Before I go any further, I need to explain that I don't fully blame Deron Williams for this. I love Deron Williams. He will always be one of my favorite players in the NBA and he played his hardest every night he was in a Jazz uniform. He was part of a lot of successes. He made the Jazz a much better team than they would have been without him. It seems a little bit cruel of the Jazz to trade Deron Williams, especially to a team he probably didn't want to be traded to. I believe Deron when he says that it wasn't what he wanted. But Deron is part of the culture of the NBA that has changed in the last 3 years. If he is mad at how things panned out, he need only blame his peers and, to a degree, himself.

Deron brought a lot of this on himself by holding the front office's collective feet to the fire. Every time Deron said something like "that's why I signed a three year deal" or "we're a playoff team, not a championship team" he was pressuring the Jazz organization to help him win a championship. But Deron was also not committing himself to the team and the Jazz front office, finally said, "enough is enough." The thing about star players, including Deron, is that they feel entitled. They feel they are owed the best chance to win a title and that if they don't win a title, it is the fault of the organization and not theirs. But winning isn't a right, it is a privilege and a reward for hard work and effort and often a bit of luck. Deron will learn this, either today or after a long career that most likely won't have a title on its resume.

All Deron had to do was talk with the organization. He needed to pledge his allegiance to the team, the organization and the state of Utah. Deron always spoke well of the state and the team, but he also never gave fans any indication that he would be here past 2012. I'm guessing he also gave the owners and the front office no indication. Good relationships are built on mutual respect and giving. When one part of a relationship is mostly taking, the relationship will fail every time. The Jazz had shown Deron that they were at least willing to try to build a contender by making the moves they made this offseason. It didn't pan out. The Jazz weren't going to win a title this year or next and this was going to lead to Deron distancing himself more and more from the organization with talk of wanting to win championships. The Jazz avoided that. They tried hard to help Deron win a title, but the team had really run out of resources to do so. No conceivable move was going to propel the current Jazz team to championship level and any honest Jazz fan will admit this upon reflection.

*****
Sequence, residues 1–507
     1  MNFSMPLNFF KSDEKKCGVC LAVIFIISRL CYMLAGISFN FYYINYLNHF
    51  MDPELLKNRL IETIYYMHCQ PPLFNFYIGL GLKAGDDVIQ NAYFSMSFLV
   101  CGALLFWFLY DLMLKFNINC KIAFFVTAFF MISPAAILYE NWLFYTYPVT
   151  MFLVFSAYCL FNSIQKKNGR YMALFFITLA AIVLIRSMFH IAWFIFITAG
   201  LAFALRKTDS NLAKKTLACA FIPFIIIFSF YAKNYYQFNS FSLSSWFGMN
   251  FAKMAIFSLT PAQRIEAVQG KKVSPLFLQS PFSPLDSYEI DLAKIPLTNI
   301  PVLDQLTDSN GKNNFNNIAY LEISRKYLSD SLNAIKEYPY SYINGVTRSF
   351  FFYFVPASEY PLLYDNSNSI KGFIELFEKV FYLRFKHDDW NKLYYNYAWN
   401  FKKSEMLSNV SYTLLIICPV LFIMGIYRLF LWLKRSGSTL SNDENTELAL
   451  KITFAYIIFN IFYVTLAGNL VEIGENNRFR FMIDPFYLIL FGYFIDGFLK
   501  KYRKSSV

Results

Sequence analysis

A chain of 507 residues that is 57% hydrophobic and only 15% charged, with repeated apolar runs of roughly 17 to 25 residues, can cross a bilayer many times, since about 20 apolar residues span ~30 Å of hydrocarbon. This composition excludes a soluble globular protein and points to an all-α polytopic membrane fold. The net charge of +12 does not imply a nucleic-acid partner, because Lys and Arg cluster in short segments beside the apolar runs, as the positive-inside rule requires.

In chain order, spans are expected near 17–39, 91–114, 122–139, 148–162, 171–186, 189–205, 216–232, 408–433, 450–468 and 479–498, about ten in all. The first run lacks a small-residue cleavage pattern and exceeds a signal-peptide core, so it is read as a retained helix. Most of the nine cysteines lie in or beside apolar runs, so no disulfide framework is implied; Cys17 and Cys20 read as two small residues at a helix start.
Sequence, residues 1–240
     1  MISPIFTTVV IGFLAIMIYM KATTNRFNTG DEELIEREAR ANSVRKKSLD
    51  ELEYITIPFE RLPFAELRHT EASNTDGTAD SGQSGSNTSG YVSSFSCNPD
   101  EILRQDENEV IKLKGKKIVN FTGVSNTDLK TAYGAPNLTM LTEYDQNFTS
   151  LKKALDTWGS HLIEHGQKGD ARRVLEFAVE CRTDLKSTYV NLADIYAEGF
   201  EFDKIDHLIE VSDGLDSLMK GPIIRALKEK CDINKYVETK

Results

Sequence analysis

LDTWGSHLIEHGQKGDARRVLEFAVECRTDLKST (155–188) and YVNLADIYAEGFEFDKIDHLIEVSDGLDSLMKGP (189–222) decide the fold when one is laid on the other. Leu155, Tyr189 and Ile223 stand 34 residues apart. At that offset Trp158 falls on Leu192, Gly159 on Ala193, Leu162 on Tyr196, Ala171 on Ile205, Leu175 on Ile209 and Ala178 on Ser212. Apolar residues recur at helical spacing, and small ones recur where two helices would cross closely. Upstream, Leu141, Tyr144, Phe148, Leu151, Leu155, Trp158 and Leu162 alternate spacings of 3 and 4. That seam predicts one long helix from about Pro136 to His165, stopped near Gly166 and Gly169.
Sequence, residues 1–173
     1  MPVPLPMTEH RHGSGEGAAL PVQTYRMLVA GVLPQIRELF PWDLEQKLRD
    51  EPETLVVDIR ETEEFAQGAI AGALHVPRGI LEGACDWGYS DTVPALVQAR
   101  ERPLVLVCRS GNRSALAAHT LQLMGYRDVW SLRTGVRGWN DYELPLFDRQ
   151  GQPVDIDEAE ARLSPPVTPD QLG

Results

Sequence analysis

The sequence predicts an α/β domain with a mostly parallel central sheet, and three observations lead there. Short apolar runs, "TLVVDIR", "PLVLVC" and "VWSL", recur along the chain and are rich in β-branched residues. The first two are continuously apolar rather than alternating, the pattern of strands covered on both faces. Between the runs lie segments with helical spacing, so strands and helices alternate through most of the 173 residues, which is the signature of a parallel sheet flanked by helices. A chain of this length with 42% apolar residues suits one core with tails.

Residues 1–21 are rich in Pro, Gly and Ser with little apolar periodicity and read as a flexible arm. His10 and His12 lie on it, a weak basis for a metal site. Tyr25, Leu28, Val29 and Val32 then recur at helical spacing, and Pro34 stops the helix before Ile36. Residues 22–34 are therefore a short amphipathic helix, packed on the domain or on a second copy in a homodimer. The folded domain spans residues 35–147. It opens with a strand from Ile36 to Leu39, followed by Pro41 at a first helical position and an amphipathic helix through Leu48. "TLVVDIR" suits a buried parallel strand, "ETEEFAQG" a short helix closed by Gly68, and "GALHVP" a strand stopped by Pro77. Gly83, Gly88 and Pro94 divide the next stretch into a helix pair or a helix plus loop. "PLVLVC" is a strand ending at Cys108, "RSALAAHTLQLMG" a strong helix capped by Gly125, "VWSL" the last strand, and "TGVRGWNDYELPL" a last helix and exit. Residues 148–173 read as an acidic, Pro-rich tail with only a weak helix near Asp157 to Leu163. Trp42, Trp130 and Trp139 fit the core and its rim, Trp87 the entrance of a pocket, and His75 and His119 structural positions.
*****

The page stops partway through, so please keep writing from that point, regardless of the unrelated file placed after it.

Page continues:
There was a commenter on this site from another small market team that was angry with the Jazz organization. He (or she) said that the Jazz were speeding up the process of the large market teams overtaking the small market teams. I disagree. What the Jazz just did was send a message to all franchise players of small market teams. Deron has learned it and now others will remember it. "If you want us to commit to you and help you win a title, you have to commit to us or else we might just trade you wherever we want to without notice." It seems sort of mean but it was a hell of a lot nicer than what Lebron James, Chris Bosh and Carmelo Anthony did to their respective franchises. If Deron is upset, he should call those guys and bitch them out. To steal a phrase: Blame the game, not the players. It goes both ways.